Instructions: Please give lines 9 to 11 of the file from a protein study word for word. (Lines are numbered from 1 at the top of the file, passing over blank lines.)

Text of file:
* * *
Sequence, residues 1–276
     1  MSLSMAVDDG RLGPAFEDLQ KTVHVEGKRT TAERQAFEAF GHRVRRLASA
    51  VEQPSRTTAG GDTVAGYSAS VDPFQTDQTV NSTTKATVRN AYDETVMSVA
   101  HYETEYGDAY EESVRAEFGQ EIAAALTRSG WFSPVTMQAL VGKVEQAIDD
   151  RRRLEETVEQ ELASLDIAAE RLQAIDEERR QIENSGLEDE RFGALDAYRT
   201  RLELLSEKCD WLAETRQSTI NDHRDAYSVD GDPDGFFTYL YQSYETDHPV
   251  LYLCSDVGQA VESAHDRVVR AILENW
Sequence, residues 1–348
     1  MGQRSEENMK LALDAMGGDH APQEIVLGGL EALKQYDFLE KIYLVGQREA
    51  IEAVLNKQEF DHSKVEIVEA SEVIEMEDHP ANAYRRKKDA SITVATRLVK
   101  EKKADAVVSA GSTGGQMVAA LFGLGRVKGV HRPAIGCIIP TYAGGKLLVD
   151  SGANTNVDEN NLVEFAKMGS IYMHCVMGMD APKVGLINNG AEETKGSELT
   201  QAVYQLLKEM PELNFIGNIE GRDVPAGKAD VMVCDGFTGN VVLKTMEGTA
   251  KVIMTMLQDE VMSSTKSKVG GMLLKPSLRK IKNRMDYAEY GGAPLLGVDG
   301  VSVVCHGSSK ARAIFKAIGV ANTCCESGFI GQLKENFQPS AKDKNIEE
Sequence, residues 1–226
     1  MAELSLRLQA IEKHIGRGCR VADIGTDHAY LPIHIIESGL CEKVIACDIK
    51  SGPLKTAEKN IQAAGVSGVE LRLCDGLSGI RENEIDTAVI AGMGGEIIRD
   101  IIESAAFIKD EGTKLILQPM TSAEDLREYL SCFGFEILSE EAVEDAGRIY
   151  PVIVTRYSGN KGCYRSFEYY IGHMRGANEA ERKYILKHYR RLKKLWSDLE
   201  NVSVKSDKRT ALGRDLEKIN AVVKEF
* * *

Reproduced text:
     1  MGQRSEENMK LALDAMGGDH APQEIVLGGL EALKQYDFLE KIYLVGQREA
    51  IEAVLNKQEF DHSKVEIVEA SEVIEMEDHP ANAYRRKKDA SITVATRLVK
   101  EKKADAVVSA GSTGGQMVAA LFGLGRVKGV HRPAIGCIIP TYAGGKLLVD